Jobs and GDP growth

The view is often promoted that low GDP growth over the past decade is caused by low interest rates and balance sheet expansion (QE) by central banks. That is putting the cart before the horse. Central banks have tried to stimulate their economies, with massive QE and low interest rates, because of low GDP growth. Not the other way around.

The real cause of low GDP growth is low job growth, as the chart below illustrates.

Real GDP and Nonfarm Payroll Growth

[click here for full screen image]

Offshoring jobs means offshoring growth.

The last time that the US had employment growth above 5.0% is 1984 which also the last time that we saw real GDP growth at 7.5%. Since then, job growth has progressively weakened — and GDP with it.

In the last decade, employment growth peaked at 2.27% and GDP at 3.98% in Q1 of 2015.

Real GDP and Nonfarm Payroll Growth

We now expect job growth to fall to -20% in April, four times the -5% trough in 2009, and a sharp GDP contraction.

How long the recession/depression will continue is uncertain. But, in the long-term, it is unlikely that the US can achieve +5% real GDP growth unless employment growth recovers close to +3.0%.

No V-shaped Recovery

Initial jobless claims in the US for the 6 weeks to April 25th exceed 30 million.

Initial Jobless Claims

That will take unemployment above 20%, with total jobs falling to levels last seen in 1997, and more job losses still to come.

Total Employment (Nonfarm Payroll)

Employment is the key to economic recovery. While unemployment is high, consumer spending will stay low and the economy will struggle. Companies may receive bailouts and the Fed will keep financial markets awash with liquidity but that does not help falling sales.

Be prepared. April employment numbers are going to be ugly. Expect some turbulence.

Coronavirus: “We are all Keynesians now”

An economic depression requires a 10% (or more) decline in real GDP or a prolonged recession that lasts two or more years.

The current contraction, sparked by the global coronavirus outbreak, is likely to be severe but its magnitude and duration are still uncertain. After an initial spike in cases, with devastating consequences in many countries — both in terms of the number of deaths and the massive economic impact — the rate of contagion is expected to drop significantly. But we could witness further flare-ups, as with SARS.

Development of a vaccine is the only viable long-term defense against the coronavirus but health experts warn that this is at least 12 to 18 months away — still extremely fast when compared to normal vaccine development programs.

The economic impact may soften after the initial shutdown but some industries such as travel, airlines, hotels, cruise lines, shopping malls, and cinemas are likely to experience lasting changes in consumer behavior. The direct consequences will be with us for some time. So will the indirect consequences: small business and corporate failures, widespread unemployment, collapsing real estate prices, and solvency issues within the financial system. The Fed is going to be busy putting out fires. While it can fix liquidity issues with its printing press, it can’t fix solvency issues.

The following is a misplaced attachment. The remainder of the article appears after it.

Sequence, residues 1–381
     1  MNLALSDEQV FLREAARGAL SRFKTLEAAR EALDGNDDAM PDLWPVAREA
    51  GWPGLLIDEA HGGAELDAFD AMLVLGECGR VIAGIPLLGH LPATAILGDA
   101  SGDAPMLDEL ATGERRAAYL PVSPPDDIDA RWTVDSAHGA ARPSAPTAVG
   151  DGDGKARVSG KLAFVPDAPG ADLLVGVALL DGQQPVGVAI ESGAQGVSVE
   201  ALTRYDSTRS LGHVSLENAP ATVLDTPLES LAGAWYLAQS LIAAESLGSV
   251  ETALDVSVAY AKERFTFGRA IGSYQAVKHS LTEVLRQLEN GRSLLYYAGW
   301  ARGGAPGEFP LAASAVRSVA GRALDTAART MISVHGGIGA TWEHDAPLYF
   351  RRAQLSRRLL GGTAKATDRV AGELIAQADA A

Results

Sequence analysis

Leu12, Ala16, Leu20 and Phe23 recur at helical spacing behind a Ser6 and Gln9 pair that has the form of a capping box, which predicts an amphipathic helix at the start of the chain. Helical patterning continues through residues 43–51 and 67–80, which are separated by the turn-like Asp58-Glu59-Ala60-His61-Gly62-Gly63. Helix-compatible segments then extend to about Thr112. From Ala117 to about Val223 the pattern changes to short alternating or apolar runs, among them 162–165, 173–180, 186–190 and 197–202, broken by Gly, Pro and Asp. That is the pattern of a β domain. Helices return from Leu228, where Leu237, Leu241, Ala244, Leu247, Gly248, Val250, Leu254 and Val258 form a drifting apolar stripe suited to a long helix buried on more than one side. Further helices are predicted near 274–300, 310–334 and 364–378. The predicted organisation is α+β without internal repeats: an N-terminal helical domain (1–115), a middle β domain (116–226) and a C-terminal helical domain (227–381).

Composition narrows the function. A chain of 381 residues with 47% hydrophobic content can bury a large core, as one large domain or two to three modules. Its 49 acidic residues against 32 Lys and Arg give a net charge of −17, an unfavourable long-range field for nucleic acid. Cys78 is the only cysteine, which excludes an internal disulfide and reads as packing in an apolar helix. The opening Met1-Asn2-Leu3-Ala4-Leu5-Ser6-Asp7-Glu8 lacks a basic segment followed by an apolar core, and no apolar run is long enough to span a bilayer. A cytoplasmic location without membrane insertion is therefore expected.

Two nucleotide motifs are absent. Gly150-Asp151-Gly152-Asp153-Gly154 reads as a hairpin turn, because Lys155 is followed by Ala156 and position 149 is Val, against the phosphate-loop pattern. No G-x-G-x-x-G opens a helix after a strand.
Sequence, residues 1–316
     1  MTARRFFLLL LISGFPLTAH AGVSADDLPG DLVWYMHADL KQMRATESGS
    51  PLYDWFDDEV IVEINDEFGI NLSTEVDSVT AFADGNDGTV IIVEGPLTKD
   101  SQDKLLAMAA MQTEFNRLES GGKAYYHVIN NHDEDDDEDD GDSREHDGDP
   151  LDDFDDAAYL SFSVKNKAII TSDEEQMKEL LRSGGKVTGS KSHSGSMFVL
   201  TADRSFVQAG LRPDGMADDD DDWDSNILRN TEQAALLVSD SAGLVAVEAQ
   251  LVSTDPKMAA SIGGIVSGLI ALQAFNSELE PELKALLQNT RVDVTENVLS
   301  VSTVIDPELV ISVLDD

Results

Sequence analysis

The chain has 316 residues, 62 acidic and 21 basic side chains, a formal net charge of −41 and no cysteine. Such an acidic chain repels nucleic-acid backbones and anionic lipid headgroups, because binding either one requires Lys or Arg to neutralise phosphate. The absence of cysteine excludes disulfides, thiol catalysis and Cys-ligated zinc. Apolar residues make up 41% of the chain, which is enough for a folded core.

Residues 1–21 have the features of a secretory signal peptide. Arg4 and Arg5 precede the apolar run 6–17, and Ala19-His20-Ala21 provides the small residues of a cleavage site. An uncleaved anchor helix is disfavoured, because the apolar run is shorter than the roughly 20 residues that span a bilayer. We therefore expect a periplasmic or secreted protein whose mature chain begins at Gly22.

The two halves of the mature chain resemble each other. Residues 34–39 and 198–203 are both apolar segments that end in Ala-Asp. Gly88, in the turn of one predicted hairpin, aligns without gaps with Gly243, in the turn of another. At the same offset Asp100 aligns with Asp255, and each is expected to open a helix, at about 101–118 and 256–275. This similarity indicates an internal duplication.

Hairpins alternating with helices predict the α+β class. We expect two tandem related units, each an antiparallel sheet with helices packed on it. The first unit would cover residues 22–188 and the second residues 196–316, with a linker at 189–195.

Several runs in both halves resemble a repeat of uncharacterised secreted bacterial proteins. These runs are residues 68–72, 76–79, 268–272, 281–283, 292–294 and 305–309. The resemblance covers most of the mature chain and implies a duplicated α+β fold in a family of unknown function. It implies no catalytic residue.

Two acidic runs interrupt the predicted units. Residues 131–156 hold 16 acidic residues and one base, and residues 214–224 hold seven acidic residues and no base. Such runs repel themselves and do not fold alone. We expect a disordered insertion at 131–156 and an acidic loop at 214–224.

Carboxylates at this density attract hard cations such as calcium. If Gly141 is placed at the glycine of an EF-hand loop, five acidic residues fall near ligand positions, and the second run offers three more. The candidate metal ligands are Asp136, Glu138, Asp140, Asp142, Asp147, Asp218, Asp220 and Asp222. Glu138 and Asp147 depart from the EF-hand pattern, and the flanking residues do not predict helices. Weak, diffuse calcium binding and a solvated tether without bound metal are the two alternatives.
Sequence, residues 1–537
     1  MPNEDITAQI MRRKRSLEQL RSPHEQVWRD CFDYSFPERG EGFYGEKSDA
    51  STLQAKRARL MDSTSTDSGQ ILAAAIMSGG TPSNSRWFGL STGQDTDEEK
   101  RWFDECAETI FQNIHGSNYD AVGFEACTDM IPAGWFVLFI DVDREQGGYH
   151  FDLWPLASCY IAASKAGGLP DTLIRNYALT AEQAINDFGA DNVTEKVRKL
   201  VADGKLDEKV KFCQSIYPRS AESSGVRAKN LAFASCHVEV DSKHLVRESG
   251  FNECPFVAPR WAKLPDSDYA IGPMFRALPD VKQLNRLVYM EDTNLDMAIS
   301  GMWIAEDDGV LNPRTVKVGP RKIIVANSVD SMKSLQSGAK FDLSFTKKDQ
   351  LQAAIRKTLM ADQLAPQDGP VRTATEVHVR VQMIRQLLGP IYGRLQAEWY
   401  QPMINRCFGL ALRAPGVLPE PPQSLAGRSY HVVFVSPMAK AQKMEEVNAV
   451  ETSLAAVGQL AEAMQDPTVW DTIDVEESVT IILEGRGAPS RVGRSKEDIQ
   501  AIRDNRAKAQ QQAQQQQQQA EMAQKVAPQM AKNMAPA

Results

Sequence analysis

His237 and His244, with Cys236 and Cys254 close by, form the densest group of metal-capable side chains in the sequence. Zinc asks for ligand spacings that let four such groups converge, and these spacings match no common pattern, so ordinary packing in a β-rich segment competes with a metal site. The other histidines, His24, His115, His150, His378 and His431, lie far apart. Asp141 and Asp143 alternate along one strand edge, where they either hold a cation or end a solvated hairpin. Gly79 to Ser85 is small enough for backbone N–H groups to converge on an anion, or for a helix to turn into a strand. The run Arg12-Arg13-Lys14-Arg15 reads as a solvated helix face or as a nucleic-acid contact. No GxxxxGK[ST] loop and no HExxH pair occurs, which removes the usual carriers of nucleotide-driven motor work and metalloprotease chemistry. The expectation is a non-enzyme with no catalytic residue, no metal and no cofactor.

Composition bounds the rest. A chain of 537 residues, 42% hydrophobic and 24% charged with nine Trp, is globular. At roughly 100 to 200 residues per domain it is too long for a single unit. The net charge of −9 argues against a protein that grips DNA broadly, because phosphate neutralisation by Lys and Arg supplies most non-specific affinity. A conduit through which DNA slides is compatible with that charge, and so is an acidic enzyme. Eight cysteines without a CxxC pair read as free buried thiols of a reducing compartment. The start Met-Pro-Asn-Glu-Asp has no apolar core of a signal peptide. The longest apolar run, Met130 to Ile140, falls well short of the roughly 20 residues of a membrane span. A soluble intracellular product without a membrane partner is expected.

There are three key factors that are likely to determine whether countries end up with a depression or a recession:

1. Leadership during the crisis

Many countries were caught by surprise and the rapid spread of the virus from its source in Wuhan, China. South Korea, Singapore and Taiwan were best prepared, after dealing with the SARS outbreak in the early 2000s. Extensive testing, tracing and an effective quarantine program helped South Korea to bring the spread under control, after initially being one of the worst-hit.

Daily Increase - South Korea

South Korea: Initial Cases of Coronavirus COVID-19 (JHU)

The World Health Organization (WHO) did little to help, delaying declaration of a pandemic to appease the CCP. Economic and political self-interest has been the root cause of many failures along the way, including China’s failure to alert global authorities of the outbreak (they had already shut down Wuhan Naval College on January 1st). But this was aided by failure of many leaders to heed warnings from infectious disease experts in late January/early February. When they finally did wake up to the threat, many were totally unprepared, resulting in a massive spike in cases across Europe and North America.

Testing is a major bottleneck, with the FDA fast-tracking approval of new tests, but production volumes are still limited. Abbott recently obtained FDA approval for a new 5-minute test kit that can be used in temporary screening locations, outside of a hospital, but production is currently limited to 50,000 per day. A drop in the ocean. It would take 6 months to produce 9 million kits for New York alone.

Daily Increase - USA

USA: Initial Cases of Coronavirus COVID-19 (JHU)

Daily Increase - UK

UK: Initial Cases of Coronavirus COVID-19 (JHU)

Daily Increase - Germany

Germany: Initial Cases of Coronavirus COVID-19 (JHU)

Daily Increase - Italy